I'm beginning to see this article defending Neville Chamberlain's capitulation at Munich cited with admiration as a audacious and compelling new interpretation.
It's neither compelling nor new, so let's have done with it. It is, simply, a restatement of what has long been known to historians as the "low case" for Munich, which is, "well, at least it bought Britain time to be more prepared for the war when it came."
The basic problem with this interpretation is that that's not what Chamberlain thought he was doing. When he came back to London waving his meaningless signed agreement with Hitler, he said he believed it was "peace for our time" and that's what he meant. Given the stakes at hand of peace or war, it would have been not just cynicism, but the criminal height of political irresponsibility, for him to have declared "peace for our time" if he was secretly thinking, "it will buy us a year to get readier for the inevitable war" and to have sacrificed Czechoslovakia, the only real democracy remaining in central or eastern Europe, on the altar of such a cold realpolitik. No: Chamberlain was a fool but not a criminal. He was sincere.
True that Britain was indeed better-prepared in September 1939 than September 1938, but not because of Chamberlain's calculations, and much of that preparation came after the invasion of Prague in the intervening March showed him how much he'd been fooled. And who was responsible for the earlier poor preparation? Well, who had been Chancellor of the Exchequer - in charge of determining how much money the entire government raised and spent - and then Prime Minister for the entire previous seven years? Neville Chamberlain.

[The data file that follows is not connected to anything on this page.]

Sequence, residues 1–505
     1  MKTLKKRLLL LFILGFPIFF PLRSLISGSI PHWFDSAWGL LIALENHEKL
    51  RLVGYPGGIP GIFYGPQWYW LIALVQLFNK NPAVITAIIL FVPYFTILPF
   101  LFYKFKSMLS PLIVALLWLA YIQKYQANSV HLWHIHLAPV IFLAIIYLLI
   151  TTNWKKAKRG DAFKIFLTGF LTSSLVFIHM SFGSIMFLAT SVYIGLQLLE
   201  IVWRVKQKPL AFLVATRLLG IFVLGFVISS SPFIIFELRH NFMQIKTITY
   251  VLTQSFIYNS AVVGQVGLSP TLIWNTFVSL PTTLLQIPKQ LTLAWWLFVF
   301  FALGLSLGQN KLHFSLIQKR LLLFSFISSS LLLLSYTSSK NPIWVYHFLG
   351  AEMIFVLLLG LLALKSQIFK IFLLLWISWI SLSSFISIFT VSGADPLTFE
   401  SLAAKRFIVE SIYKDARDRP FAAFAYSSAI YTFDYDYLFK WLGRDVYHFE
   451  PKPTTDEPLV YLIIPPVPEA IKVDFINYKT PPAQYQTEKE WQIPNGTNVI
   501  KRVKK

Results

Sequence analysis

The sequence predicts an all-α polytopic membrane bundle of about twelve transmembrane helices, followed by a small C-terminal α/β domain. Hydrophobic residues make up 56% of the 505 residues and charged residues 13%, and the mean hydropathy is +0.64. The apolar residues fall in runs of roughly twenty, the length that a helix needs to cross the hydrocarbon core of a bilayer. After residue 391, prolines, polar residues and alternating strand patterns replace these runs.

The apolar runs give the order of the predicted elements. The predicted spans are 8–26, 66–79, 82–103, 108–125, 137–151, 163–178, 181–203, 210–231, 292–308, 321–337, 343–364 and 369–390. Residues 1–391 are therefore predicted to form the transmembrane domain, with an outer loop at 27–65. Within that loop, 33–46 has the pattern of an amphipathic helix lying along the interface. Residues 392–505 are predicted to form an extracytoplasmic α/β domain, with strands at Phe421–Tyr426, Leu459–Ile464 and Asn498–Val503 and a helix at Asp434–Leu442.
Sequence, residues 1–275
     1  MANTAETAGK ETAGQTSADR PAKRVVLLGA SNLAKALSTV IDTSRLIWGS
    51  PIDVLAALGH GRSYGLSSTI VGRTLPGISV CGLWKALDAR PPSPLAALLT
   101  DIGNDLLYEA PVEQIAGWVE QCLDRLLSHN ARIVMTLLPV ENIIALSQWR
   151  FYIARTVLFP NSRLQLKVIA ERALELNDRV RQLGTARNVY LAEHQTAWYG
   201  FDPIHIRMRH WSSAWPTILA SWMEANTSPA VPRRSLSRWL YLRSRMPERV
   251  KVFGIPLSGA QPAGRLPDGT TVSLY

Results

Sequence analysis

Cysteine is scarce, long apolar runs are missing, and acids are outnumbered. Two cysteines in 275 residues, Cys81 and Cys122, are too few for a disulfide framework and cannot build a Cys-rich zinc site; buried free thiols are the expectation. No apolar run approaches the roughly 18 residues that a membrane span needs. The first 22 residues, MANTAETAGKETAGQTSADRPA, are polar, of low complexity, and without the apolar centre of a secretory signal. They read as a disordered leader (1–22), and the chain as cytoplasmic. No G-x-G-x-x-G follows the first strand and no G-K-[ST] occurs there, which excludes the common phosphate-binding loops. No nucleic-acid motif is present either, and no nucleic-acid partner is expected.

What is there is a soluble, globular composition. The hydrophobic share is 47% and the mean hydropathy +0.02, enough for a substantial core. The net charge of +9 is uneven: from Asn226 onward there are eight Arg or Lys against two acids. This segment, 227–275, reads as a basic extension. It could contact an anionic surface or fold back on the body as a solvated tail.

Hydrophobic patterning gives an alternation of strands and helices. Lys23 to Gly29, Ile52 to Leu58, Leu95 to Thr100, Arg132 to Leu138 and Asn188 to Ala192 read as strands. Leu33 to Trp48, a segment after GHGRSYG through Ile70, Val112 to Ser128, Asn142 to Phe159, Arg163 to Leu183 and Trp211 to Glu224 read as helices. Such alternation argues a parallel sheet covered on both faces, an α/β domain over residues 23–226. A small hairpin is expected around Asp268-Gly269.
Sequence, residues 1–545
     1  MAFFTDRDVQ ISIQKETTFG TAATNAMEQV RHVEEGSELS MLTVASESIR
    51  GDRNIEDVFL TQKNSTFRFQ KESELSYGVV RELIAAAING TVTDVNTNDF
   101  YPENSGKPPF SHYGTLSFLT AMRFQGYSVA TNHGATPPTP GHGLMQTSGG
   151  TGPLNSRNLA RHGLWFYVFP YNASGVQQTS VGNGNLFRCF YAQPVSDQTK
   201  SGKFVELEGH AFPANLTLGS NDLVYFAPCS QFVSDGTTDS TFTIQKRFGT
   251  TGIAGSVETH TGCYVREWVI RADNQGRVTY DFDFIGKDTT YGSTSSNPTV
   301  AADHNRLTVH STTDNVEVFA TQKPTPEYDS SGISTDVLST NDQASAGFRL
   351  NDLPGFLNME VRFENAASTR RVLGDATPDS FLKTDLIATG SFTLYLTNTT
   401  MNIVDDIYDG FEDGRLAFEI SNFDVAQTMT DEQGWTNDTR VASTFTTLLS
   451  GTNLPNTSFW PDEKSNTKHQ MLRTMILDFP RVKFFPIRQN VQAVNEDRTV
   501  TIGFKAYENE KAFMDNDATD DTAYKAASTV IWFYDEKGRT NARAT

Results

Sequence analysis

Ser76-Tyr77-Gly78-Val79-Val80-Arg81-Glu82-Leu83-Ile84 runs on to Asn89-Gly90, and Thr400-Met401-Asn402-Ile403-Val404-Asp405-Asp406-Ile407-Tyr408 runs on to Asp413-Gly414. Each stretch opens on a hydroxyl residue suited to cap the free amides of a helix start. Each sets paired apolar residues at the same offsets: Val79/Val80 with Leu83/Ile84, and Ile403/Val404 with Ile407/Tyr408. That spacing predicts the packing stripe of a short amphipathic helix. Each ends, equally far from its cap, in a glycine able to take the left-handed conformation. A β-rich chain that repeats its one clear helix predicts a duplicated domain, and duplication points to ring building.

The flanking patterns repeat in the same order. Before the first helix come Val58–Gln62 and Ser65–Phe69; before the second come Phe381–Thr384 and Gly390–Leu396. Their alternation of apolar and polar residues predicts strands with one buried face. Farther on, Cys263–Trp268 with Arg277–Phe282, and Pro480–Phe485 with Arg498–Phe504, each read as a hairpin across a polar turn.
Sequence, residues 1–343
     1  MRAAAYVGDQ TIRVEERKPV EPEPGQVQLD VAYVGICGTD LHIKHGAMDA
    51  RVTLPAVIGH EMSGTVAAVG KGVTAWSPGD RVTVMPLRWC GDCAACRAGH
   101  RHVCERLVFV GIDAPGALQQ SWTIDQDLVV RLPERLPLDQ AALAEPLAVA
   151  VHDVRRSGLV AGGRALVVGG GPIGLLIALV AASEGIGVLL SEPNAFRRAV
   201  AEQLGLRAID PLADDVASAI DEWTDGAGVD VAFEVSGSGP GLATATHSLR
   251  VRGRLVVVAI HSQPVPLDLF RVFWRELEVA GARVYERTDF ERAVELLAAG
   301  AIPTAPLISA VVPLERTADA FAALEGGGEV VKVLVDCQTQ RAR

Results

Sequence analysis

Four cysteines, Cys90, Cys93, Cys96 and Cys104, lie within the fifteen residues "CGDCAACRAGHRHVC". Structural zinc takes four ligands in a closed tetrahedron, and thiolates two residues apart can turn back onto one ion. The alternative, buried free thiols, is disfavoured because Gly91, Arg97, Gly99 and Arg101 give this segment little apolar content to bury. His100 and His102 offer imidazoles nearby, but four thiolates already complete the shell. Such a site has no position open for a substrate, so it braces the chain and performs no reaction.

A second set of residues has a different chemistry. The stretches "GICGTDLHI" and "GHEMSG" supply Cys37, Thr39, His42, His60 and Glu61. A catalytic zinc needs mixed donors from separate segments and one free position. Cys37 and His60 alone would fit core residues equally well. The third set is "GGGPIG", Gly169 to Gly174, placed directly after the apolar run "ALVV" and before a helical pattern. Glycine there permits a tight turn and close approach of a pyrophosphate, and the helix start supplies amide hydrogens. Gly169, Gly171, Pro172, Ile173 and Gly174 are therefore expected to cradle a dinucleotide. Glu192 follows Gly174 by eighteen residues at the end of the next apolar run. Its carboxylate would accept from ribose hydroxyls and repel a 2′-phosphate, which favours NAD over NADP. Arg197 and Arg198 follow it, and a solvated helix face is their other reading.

British military rearmament had been going on since 1932, but in a desultory, half-hopeless manner best illustrated by this warning given that year by Stanley Baldwin, Chamberlain's mentor and predecessor as Prime Minister: "I think it is well also for the man in the street to realise that there is no power on earth that can protect him from being bombed. Whatever people may tell him, the bomber will always get through." In the event, it turned out that air defense was the turning point in winning the war, and that was done through a very late ramping up of defensive aircraft production. You can't be prepared if you take Baldwin's mournful view of military defense, and sharing it was the reason Chamberlain was so desperate for a peace agreement.
Baumann notes that Germany was also much better prepared in 1939 than 1938, and tries to cut off the question of Germany's and Britain's relative preparation - it's been argued by others that a 1938 war could have been more easily won than the 1939 one was - by claiming that the British military thought it wasn't ready in 1938 but would be in 1939. I haven't come across that combination of views in all my extensive reading on the subject, and it certainly didn't influence Chamberlain's thinking.